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As a relatively new market, IoT has a plethora of connectivity technologies contending for a piece of the ever-growing IoT market pie, as well as a plethora of potential runways.
Fremont, CA : IoT applications need the right type of network connectivity to succeed and even use multiple IoT wireless networks. IoT refers to physical devices having network connectivity, as well as the data collected or created by those devices. As a relatively new market, IoT has a plethora of connectivity technologies contending for a piece of the ever-growing IoT market pie, as well as a plethora of potential runways. Wireless technologies appropriate for IoT applications come in a variety of styles.
The following are some of the technologies best suitable for IoT:
Low-power wide-area networks (LPWANs) are a relatively new development that was created expressly to meet the needs of the Internet of Things. Large-scale IoT networks spanning enormous industrial and commercial campuses can be supported with this technology. LPWANs can only transport small blocks of data at a modest rate, making them excellent for applications that don't require a lot of bandwidth or need to be delivered quickly.
Cellular (4G and 5G)
Cellular networks using 4G technology provide broadband connectivity for voice calls and video streaming applications in consumer mobile markets. However, they are quite costly. However, they make an excellent choice as a backhaul from an LPWAN system. IoT data must be sent through the internet, with 4G being the greatest option globally in terms of capacity, scalability, and compatibility. 5G has received both good and bad coverage areas. The technology offers ultra-low latency and high-speed mobility.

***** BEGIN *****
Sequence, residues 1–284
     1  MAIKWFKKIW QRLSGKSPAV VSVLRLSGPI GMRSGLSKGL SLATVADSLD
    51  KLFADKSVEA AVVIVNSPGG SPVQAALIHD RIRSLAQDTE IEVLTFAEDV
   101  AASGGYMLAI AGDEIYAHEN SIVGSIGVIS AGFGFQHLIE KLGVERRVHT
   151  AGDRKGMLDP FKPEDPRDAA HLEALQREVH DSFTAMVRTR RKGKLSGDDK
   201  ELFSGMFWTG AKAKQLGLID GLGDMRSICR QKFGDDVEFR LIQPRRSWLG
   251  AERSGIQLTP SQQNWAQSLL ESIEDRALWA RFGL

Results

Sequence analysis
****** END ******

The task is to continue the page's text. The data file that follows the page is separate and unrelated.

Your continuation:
Zigbee is a low-power, short-range wireless technology that is frequently used to improve coverage by passing sensor data across many sensor nodes. Zigbee has better data rates than LPWAN but lower power efficiency due to the mesh architecture.
Wi-Fi is essential for offering high-throughput data transfer in both the office and the household. However, the technology's fundamental limitations in coverage, scalability, and power consumption make it less common in IoT applications. Wi-Fi is not a viable choice for large networks of battery-powered IoT sensors, especially in the industrial IoT, due to its high energy consumption.
Radio Frequency Identification (RFID) is a method of transmitting small amounts of data from an RFID tag to a reader over a short distance using radio waves. The technology is being used in the retail and logistics sectors.
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